03-28-2012 02:54 PM
Finally! I finished it. Sorry it took so long, I had to get some inspiration first. But still, I liked the way Grace turned out. Anyway, let me know what you think. I will try to get chapter three done within a couple weeks. I'll post it soon as I can. Thanks.
I lay there in the still silence, waiting, counting the number of times my heart beat per minute. It was just a distraction, an odd, bitter diversion that helped me to ignore the world outside, with all of its shambling people, looking for a place to rest their heads when life became unbearable. It was like that with me, inside this house. My house. It had once been a warm, inviting one, with parents that loved me and cared about me, and set aside some of their day to spend with me. Just me. It didn’t make any difference what we were doing, so long as it was together. A family.
This was the house I’d grown up in, said my first few words, filled with sweet memories and sorrowful ones. Busy with the lively energy of a mom, dad, and their one and only child, their baby girl. When I came home from school to smell dinner on the table, and I heard my dad upstairs changing out of his work clothes, I knew that. I knew I was home. Somewhere safe, sound, without the worries and stress of school and papers and homework and everyday things. I would leave those things at the door, deal with them tomorrow. But right now, right here, this was my moment. To bask in and enjoy, and cling to and hope for more like them. I used to take those things for granted. But now, this second, I wish I could change that. To give thanks for everything I had, even the hardships and pain. Because I knew that I had parents to come to for advice and comfort, shoulders to cry on.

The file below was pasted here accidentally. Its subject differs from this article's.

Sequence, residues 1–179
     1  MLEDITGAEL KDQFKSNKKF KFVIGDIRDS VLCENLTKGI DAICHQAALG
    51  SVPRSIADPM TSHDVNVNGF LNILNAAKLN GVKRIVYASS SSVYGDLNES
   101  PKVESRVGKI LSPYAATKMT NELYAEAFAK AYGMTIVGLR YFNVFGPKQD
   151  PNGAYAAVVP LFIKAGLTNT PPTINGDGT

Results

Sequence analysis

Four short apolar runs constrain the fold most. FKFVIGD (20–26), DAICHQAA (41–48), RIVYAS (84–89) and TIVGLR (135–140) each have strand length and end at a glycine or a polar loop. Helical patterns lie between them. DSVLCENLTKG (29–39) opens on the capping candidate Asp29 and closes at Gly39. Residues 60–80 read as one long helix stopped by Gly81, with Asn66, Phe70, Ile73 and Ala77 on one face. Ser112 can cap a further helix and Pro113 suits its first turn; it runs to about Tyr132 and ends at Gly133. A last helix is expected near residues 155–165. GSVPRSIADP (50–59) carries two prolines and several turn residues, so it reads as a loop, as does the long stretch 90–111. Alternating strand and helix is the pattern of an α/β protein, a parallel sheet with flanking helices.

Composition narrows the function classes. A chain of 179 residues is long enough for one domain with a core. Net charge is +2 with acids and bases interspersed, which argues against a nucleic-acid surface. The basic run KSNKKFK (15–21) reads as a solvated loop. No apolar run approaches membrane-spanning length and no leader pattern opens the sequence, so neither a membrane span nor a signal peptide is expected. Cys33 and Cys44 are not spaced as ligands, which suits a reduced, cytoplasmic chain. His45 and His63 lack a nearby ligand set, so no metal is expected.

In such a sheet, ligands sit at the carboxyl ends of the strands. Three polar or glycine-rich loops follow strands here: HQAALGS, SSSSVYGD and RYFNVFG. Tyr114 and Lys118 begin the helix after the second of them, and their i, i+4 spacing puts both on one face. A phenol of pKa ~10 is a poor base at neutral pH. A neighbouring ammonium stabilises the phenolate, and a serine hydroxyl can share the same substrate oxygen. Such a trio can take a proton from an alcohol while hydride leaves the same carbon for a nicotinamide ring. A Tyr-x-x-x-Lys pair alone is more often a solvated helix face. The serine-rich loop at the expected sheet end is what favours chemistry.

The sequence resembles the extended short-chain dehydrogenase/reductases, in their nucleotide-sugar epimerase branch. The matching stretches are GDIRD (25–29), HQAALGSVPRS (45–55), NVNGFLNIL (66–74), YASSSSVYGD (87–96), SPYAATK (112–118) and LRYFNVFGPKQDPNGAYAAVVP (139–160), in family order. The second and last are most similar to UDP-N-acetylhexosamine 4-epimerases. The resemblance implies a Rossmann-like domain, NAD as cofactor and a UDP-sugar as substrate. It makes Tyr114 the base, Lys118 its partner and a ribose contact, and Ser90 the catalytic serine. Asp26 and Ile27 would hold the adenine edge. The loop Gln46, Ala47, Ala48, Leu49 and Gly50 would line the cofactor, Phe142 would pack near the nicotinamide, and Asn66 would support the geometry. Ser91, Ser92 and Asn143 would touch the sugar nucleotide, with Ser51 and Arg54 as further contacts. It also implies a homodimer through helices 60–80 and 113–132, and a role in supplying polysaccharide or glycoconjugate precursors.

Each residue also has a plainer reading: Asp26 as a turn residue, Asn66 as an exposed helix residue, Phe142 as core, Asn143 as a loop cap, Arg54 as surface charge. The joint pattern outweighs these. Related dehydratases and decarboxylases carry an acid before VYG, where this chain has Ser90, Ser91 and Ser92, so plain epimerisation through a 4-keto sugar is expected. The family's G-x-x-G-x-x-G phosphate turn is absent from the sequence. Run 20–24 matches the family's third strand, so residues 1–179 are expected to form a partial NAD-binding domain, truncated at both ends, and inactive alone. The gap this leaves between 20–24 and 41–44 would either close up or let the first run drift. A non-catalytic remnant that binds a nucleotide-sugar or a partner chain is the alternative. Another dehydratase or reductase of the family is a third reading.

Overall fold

I remember when I was a kid, and I used to pretend that our house was a mansion; a deep, unexplored behemoth of a house that had hundreds of rooms and thousands of little alcoves and corners that were just waiting to be discovered. My dad had a fake, imitation detective hat, like the one Sherlock Holmes wore, probably purchased for an old Halloween party. I used to wear that around the house, peering under tables and into closets as if I would expose dark secrets and hidden mysteries that had long ago been missed or simply forgotten. That seemed like a million years ago.
Now, none of those rooms looked the same. Some of them were coated with dust and cobwebs and hadn’t seen any daylight for years. Since the “accident”, half of our house was closed off and boarded up, and if you looked at it from the outside it almost appeared to be condemned. But that was just me and dad’s way of trying to cover up the truth, to hide the stink of misery and decay and forget about the past. Which, try as we might, proved to be impossible. How can you forget something that was so scarring, so raw, that even after examining it from every angle and perspective it still loomed as hideous and gloomy as ever? How can you forget the truth?
The only remaining sections left in our house were the kitchen, my room, the living room, and dad’s office. We never even kept the bathroom. We used the outhouse in the backyard. The bathroom still smelled like her and her putrid perfume. Any number of air fresheners would never remove the stench. When I crept downstairs at night for a glass of water, the lingering odor followed me as far as my door, where I slammed it shut behind me. I’ve grown used to it by now. I think the whole awful mess is beginning to fade into the background, to finally start to disappear. She was becoming a memory, nothing more…nothing less.
I had the same long, straight, blond hair, slim waist, and flawless features that she had passed down to me. I was a mirror image of her younger self. It disgusted me. In a last act of defiance I had dyed it pitch black and added a streak of scarlet, two inches wide, that ran the full length of my hair. I styled it so that it the left side of my face was covered, so that I was hidden behind a curtain. Nobody could take a peek without my approval. No one has. I still felt vulnerable, terrified of what they would see. A girl who was hiding, hiding from everything and everyone, because maybe, just maybe, if she did decide to let someone in, they would leave too. And she’d be heartbroken, devastated, left picking up the pieces of her broken heart…again. You can only glue something back together so many times before it doesn’t work anymore.